Anglo investment partnership has retained losses over $10m

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Anglo investment partnership has retained losses over $10m


Former Anglo Irish Bank chairman Sean Fitzpatrick
Former Anglo Irish Bank chairman Sean Fitzpatrick

An investment partnership featuring some of the biggest names in Irish business, including Sean Fitzpatrick and Gary McGann, was sitting on more than $10m (€8.6m) of retained losses as of the end of 2017, according to new accounts.

The partnership is also trying to recover $500,000 from the IBRC.

The entity – known as Anglo Irish JCF 1 LLP – is an investor in a Cayman Islands-registered fund called JC Flowers II Limited Partnership. JC Flowers is a large American private equity firm.

According to Companies House documents in the UK, members include former Anglo CEO and chairman Mr Fitzpatrick, former Anglo non-executive director Gary McGann, developer Bernard McNamara and John Olan Sisk of the Sisk family.

Paul Coulson, the chairman of US-listed Ardagh, is listed as having resigned as a member last year.

The UK’s official state gazette – the equivalent to Ireland’s Iris Oifigiúil, lists him as having assigned his interest to a company called Kelvoda.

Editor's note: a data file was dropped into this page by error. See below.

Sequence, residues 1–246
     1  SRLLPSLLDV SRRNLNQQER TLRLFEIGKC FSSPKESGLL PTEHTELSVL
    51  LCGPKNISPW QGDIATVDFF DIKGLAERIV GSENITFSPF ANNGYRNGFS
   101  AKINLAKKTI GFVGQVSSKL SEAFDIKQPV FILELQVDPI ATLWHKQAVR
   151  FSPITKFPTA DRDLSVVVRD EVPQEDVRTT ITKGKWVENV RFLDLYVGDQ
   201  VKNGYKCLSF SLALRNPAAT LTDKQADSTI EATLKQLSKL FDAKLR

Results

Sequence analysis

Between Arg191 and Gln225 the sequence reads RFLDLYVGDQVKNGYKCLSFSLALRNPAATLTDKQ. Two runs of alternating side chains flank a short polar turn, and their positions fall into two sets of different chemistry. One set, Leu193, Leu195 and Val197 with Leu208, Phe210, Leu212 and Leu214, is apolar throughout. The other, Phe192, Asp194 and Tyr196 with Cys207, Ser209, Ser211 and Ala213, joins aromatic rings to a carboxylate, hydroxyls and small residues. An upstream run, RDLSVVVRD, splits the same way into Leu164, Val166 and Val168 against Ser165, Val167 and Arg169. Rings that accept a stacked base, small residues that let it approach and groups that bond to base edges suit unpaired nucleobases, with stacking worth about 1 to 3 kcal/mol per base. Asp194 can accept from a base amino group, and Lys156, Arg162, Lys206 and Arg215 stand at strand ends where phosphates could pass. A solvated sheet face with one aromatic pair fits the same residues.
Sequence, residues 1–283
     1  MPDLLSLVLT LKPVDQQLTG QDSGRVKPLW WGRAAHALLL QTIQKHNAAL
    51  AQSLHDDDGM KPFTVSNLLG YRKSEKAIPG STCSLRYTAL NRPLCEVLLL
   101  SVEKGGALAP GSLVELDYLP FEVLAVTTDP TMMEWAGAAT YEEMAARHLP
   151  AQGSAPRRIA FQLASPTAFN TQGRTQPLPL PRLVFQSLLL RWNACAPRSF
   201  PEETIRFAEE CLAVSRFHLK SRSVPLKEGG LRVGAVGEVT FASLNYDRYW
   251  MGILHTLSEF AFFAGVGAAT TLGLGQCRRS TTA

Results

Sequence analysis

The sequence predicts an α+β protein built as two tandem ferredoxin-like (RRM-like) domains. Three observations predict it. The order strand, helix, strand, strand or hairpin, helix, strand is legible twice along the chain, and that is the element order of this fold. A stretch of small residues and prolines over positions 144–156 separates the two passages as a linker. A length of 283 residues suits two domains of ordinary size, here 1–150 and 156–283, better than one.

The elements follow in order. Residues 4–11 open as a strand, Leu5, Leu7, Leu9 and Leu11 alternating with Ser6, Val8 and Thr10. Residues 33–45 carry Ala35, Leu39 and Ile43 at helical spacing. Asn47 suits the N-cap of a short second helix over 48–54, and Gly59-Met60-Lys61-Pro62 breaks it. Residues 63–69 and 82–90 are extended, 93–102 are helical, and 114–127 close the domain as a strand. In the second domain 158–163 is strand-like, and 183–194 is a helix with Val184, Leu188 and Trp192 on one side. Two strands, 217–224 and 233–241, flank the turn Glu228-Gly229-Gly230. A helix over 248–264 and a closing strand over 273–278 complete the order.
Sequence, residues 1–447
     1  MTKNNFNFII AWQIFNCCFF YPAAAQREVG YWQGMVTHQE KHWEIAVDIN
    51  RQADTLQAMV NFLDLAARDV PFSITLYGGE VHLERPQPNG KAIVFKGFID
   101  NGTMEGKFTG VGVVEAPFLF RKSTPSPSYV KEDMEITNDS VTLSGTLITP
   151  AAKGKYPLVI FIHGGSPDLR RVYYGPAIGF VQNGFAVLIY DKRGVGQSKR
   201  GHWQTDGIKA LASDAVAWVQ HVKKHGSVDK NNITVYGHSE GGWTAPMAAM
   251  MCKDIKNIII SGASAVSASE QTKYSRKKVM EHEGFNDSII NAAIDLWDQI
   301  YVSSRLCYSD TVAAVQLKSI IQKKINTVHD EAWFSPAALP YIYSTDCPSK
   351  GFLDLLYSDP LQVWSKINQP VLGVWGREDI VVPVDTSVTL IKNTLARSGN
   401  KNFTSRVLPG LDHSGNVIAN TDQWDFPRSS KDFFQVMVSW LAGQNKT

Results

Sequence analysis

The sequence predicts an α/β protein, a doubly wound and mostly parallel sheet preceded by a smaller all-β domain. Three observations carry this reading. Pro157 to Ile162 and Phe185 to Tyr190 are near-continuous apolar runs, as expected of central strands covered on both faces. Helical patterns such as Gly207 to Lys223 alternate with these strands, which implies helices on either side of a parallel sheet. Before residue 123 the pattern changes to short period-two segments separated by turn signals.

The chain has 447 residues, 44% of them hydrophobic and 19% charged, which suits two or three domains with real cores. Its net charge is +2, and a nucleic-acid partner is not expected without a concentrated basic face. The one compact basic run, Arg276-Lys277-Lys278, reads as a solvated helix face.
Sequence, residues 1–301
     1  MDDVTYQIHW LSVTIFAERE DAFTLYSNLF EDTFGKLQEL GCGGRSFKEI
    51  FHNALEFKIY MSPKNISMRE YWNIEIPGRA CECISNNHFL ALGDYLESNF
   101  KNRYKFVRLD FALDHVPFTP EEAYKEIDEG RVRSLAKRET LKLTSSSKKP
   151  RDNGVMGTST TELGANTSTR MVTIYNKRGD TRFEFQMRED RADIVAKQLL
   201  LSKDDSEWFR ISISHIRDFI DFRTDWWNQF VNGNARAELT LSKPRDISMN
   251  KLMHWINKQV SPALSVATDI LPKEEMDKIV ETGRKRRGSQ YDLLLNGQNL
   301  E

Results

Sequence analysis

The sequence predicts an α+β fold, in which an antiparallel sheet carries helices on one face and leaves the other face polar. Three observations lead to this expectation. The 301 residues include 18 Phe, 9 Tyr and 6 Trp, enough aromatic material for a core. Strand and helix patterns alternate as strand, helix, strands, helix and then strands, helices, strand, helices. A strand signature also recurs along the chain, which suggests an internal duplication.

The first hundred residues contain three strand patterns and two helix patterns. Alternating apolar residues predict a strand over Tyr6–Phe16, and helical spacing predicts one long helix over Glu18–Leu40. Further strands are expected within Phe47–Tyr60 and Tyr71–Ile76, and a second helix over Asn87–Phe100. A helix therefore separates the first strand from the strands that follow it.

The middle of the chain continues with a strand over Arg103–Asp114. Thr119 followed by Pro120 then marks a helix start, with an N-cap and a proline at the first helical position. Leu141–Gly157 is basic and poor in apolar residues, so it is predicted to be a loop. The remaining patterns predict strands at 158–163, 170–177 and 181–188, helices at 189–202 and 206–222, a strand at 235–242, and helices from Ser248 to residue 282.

Anglo Irish JCF 1 LLP’s accounts state it made a profit of $264,284 last year based on an increase in the value of its investments, and distributions received from the fund.

However, retained losses remained in excess of $10m – at $10,290,322.

The partnership was incorporated in October 2008, four weeks after the blanket bank guarantee.

The accounts state it was owed a sum of $484,495 from the IBRC as of December 31, 2017.

The accounts state that recovery of the sum was “still under discussion” with the NTMA in its role as operator of the Eligible Liabilities Guarantee scheme – a successor scheme to the blanket bank guarantee.

The accounts state the LLP also made a claim as a creditor in the special liquidation of IBRC “as a precautionary step in the event of the ELG Scheme operator failing to make a payment”.

“It is anticipated recovery of this amount should occur in the next 12 months and discussions are still ongoing with the joint special liquidators of the IBRC,” the accounts, which are dated August 7 2018, state.

The joint special liquidators of IBRC are Kieran Wallace and Eamonn Richardson of accountancy firm KPMG.

In May, Finance Minister Paschal Donohoe said they had “indicated their expectation that the liquidation of IBRC should be substantially completed by the end of 2022 at a total estimated liquidation cost of between €291m-€306m”. However, he said this was subject to change.

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